The Office of the Comptroller of the Currency (OCC) issued a Bulletin today encouraging banks to issue small loans to consumers. In past years, banks have shied away from providing credit that was deemed too high risk to pursue and too costly to originate. As the bank regulatory environment became too onerous, underbanked consumers were pushed to alternatives such as Payday loans, pawnshops or worse. Critics of Payday loans have long ignored the obvious solution to providing loans to the underbanked – make it easier for banks to offer risk based, affordable credit.
The announcement by the OCC came just as bipartisan legislation designed to roll back some of the Dodd Frank regulations that impacted banks moved to the White House to be signed into law.
In the Bulletin, the OCC stated;
“The Office of the Comptroller of the Currency (OCC) encourages banks to offer responsible short-term, small-dollar installment loans, typically two to 12 months in duration with equal amortizing payments, to help meet the credit needs of consumers. The OCC is issuing this bulletin to remind banks of the core lending principles for prudently managing the risks associated with offering short-term, small-dollar installment lending programs. Banks should develop and implement these programs in a manner consistent with sound risk management practices and should align the programs with the banks’ overall business plans and strategies. Such strategies could include working with consumers who have an ability to repay a loan despite a credit profile that is outside of a bank’s typical underwriting standards for credit scores and repayment ratios. In all programs, banks should offer lending products in a manner that ensures fair access to financial services and fair treatment of consumers and complies with applicable laws and regulations. This bulletin is consistent with the OCC’s support for responsible innovation by banks to meet the evolving needs of consumers, businesses, and communities.”
Comptroller of the Currency Joseph Otting issued a statement following the release of the Bulletin. Otting said that millions of consumers borrow approximately $90 billion each year just to make ends meet. These small loans may range in size from a few hundred dollars to several thousand. Yet options are slim and sometimes difficult to manage.
“Banks can provide affordable short-term, small-dollar installment lending options that help consumers, including consumers with weaker credit histories who have the ability to repay,” stated Otting. “Bank-offered products can help lead consumers to more mainstream financial services without trapping them in cycles of debt. When banks offer products with reasonable pricing and repayment terms, consumers also benefit from other services that banks regularly provide, such as financial education and credit reporting.”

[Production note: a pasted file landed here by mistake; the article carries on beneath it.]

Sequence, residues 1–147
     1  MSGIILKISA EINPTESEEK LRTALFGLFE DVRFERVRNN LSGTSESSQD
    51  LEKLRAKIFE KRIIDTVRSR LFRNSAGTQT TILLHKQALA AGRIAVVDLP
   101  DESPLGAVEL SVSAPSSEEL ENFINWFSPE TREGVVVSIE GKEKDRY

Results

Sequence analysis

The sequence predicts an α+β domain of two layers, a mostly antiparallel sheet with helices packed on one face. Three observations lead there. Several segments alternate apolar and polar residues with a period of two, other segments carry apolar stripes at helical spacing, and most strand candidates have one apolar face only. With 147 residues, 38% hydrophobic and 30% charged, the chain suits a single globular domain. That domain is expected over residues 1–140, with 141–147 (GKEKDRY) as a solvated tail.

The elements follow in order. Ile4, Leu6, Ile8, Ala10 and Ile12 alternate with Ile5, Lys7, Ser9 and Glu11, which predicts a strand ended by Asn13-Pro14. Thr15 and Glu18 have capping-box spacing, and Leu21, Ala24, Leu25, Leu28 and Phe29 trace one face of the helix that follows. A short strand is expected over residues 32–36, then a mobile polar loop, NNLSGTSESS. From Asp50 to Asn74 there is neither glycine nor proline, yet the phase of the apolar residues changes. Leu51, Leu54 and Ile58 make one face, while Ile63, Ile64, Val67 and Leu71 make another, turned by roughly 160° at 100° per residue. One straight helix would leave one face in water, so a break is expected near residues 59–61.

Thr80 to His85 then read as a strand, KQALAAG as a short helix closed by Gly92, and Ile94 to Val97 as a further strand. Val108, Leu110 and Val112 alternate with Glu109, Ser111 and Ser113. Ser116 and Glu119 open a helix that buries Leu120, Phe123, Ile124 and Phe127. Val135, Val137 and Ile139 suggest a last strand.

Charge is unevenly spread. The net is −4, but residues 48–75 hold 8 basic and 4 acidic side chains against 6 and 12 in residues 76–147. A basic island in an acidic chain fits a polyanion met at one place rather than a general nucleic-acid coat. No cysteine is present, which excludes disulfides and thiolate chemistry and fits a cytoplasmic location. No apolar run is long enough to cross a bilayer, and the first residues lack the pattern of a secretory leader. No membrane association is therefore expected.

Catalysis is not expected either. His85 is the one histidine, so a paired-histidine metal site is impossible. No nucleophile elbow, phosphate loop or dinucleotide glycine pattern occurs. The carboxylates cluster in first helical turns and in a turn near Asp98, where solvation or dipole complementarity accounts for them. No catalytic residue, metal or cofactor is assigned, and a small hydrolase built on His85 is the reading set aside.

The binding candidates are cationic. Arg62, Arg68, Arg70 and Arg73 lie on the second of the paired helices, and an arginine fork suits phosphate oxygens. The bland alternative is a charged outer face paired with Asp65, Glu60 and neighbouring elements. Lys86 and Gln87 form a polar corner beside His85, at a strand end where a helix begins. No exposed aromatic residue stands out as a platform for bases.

Otting said that banks can bring safe, fair and affordable products to the marketplace.
“I applaud Comptroller Otting’s move to encourage national banks and federal savings associations to offer short-term, small-dollar installment loans. Millions of Americans desperately need access to short-term, small-dollar credit. We cannot simply wish away that need. In any market, robust competition is a win for consumers. The Bureau will strive to expand consumer choice, and I look forward to working with the OCC and other partners on efforts to promote access and innovation in the consumer credit marketplace.”
The Independent Community Bankers of America (ICBA) – the group that represents many of the smaller banks in the US – added another positive note;
ICBA President and CEO Rebeca Romero Rainey stated;
“ICBA appreciates the Office of the Comptroller of the Currency’s recognition that community banks can serve an important role in providing consumers with responsible short-term, small-dollar loans. Community banks pride themselves on having close relationships with their customers and being able to provide an affordable product that accommodates their short-term financial needs. The OCC’s guidance acknowledges the value of small-dollar lending.”
A more agile operational structure that combined solid customer service with a streamlined online only lending model mitigated some of the compliance cost and thus enabled a new generation of online lenders to emerge.
“OCC’s decision to encourage banks to get into LendUp and Elevate’s product set further validates the need to provide credit for unbanked and underbanked,” said Li. “For decades, millions of Americans relied on high interest, high fee products to get through emergency situations relating to rent, transportation or even pets. Bank overdraft fees are hallmarks of short-term loans with high interest in disguise. Elevate, LendUp to name a few are newer Fintech players to provide access to credit where banks fall short. Today’s OCC decision is a clear signal to banks to start creating innovative products to fill a much-needed void. I am looking forward to many partnerships between Banks and Fintech players in the small dollar space in the near future. This is a big win for consumers.”
While it is not clear if traditional banks will take up the challenge the move by the OCC provides hope for individuals looking to move their way up the financial ladder.